On the 16th of June, just as the House was growing impatient for prorogation, Lord North, who earlier in the Session had made some unsuccessful negotiations with the Whigs, announced intelligence which put such prorogation out of the question. He informed the House that the Spanish Ambassador had delivered a hostile manifesto and had thereupon quitted London. On the 17th a Royal Message was delivered, asserting his Majesty's surprise at this act of Spain, and declaring that nothing on his part had provoked it. But it by no means took anybody else by surprise, and the Opposition strongly reproached Government for not giving credit to their warnings on this head. In the Commons, Lord John Cavendish, and, in the Lords, the Earl of Abingdon and the Duke of Richmond, moved that the fleet and army should be immediately withdrawn from America, that peace be made with those States, and all our forces be concentrated in chastising France and Spain, as they deserved, for their treachery and unprovoked interference. They called for a total change of Ministers and measures. It was at this crisis, when Hastings was just recovering his authority in the Council, that the news arrived in India, and spread amongst the native chiefs, that in Yenghi Dunia, or the New World, the Company Sahibfor the East Indians could never separate the ideas of the East India Company and England itselfthere had been a great revolution, and the English driven out. This, as might be expected, wonderfully elated the native chiefs, and especially those in the south. There the French of Pondicherry and Chandernagore boasted of the destruction of the British power, and that it was by their own hands. Hastings, who was as able and far-seeing as he was unprincipled in carrying out his plans for the maintenance of the British dominion in India, immediately set himself to counteract the mischievous effects of these diligently-disseminated rumours, and of the cabals which the French excited. These were most to be feared amongst the vast and martial family of the Mahrattas. The Mahrattas had risen on the ruins of the great Mogul empire. They now extended their tribes over a vast space of India from Mysore to the Ganges. The Peishwa, as head of these nations, held his residence at Poonah. Besides his, there were the great houses of Holkar and Scindia; the Guicowar, who ruled in Guzerat; the Bonslah, or Rajah of Berar, a descendant of Sivaji. The Mahrattas were, for the most part, a rude, warlike race, rapacious and ambitious, and living in the most primitive style. To destroy the confidence of these fierce warriors in the French, Hastings gave immediate orders, on receiving the news of the proclamation of war in Europe, for the seizure of the French settlements. This was on the 7th of July, 1778; on the 10th he had taken Chandernagore, and ordered Sir Hector[329] Munro to invest Pondicherry. That was soon accomplished, and the only remaining possession of France, the small one of Mah, on the coast of Malabar, was seized the next spring.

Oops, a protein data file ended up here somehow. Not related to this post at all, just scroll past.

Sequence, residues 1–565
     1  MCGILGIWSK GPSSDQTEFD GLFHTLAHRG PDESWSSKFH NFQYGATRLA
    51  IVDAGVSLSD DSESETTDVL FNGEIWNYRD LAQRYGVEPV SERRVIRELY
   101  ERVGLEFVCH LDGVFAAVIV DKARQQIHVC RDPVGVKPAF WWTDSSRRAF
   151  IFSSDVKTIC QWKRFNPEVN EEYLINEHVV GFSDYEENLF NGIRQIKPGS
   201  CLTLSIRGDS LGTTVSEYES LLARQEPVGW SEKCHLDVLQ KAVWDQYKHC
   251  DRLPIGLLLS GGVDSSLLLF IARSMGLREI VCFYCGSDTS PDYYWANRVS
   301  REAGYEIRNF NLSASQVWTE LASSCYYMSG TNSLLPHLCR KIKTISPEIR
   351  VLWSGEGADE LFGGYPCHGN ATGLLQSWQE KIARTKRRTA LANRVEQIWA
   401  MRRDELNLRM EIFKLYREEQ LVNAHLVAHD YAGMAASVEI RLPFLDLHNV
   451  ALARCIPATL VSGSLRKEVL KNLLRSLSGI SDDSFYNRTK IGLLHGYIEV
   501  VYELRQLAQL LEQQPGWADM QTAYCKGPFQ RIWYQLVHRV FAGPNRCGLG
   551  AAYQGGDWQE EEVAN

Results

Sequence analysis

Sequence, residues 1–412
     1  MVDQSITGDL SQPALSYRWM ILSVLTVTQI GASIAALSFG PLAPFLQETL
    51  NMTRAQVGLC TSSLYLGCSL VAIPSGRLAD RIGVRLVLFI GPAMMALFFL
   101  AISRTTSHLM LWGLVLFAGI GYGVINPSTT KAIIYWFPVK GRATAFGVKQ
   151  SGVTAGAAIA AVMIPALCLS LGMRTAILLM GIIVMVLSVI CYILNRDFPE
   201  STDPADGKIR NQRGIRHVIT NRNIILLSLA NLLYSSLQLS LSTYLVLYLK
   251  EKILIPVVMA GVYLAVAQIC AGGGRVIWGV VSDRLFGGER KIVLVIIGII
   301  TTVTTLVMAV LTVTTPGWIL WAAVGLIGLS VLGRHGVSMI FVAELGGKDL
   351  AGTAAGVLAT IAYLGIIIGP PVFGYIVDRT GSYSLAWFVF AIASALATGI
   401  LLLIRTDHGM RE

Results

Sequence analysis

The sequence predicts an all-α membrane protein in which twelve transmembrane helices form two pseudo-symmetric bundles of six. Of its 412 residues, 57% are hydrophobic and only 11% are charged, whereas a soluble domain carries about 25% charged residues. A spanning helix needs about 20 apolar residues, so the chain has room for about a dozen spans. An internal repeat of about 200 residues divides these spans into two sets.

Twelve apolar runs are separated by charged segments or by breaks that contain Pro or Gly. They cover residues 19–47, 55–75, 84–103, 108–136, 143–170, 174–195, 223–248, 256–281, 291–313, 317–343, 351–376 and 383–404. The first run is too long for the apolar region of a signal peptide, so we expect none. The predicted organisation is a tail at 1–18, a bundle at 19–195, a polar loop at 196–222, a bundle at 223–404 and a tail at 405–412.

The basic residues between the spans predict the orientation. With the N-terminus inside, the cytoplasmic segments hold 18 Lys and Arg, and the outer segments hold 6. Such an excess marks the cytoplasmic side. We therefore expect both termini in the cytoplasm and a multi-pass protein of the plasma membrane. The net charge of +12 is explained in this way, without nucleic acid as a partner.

These resolutions being carried, it then became a question whether the prince would accept this restricted regency. Burke had warned the House that perhaps, after all, the prince would not accept such a shadow of his own natural powers, and he warned them likewise that the British Parliament might find itself electing the prince as regent, whilst the Irish Parliament was nominating him as by right. But it would appear that the Whigs were so anxious to seize on office, even under such cramping restrictions, and to see Pitt dethroned, that they advised the prince to accept. A joint committee of Lords and Commons waited on him on the 30th of January, the anniversary of the execution of Charles I., and another joint-committee the same day waited on the queen, and the next day their answers, accepting their respective offices, were communicated to Parliament. The prince, indeed, qualified his acceptance by declaring that he did it only as a temporary arrangement, and in the hope, notwithstanding the peculiar and unprecedented circumstances, of preserving the interests of the king, the crown, and the people. Such were the difficulties under which Congress and Washington had been struggling through this winter to raise and keep together any considerable force; whilst General, now Sir William Howe, had been completely dozing at New York. The first movements of Howe were to execute several detached evolutions, and a vast quantity of stores were destroyed. As a retaliation, the Americans sent Colonel Meigs over to Long Island, to a place called Sag Harbour, where the English had a great quantity of provision stores, which they learned were very remissly guarded. Meigs, who had been trained under Arnold, conducted the enterprise very adroitly. He passed the Sound in whale-boats in the night, landed without much difficulty before the break of day, and began to fire the magazines. He met with a brave resistance from the crews of the merchants' vessels; but, having two hundred men, and there being no soldiers to oppose him, he destroyed twelve of the trading vessels, took ninety prisoners, and returned triumphantly without the loss of a single man. In the meantime, Washington had quitted his encampment at Morristown, and taken up a strong position at Middlebrook, about twelve miles from Princeton. On the 13th of June[238] Howe at last marched out of New Brunswick to attack him. On this, Washington called to his assistance a great part of the troops in the highlands, the whole force of the Jersey militia, whilst Arnold, who had the command at Philadelphia, was actively engaged with Mifflin in preparing defences for the Delaware. The object of Howe was to draw Washington from his entrenchments, certain that, on fair ground, it would require little exertion to totally dissipate his army; therefore, after marching up almost to the American lines, he commenced a retreat, evacuated even New Brunswick, and fell back to Amboy. Washington fell into the snare; he sent a strong force in pursuit of Howe, who, keeping up the ruse, threw a bridge over the narrow strait which divides Staten Island from the mainland, and sent over part of his baggage and a number of troops. Satisfied then that Howe was bent on resuming his old quarters at New York, Washington quitted his camp, which had cost him so much labour to create, and descended with his main body to Quibbletown. On seeing this, Howe advanced again, and dispatched several bodies of soldiers by different routes, to get, if possible, between Washington and his old post on the hills, so as to bring him to an engagement on the plain. Washington instantly became aware of his design, and retreated with all speed. Lord Cornwallis, who led the British van, notwithstanding, managed to come up with him, and fell upon a division of three thousand strong, advantageously posted, and defended with cannon. Cornwallis's charge, however, threw him into confusion, the rout became general, and the British pursued them as far as Westfield, when, coming to a woody country, and the heat of the day being intense, they halted for the night. This halt was the salvation of Washington: it enabled him to regain his old fortified post in the hills, leaving behind him part of his cannon, and about two hundred men killed.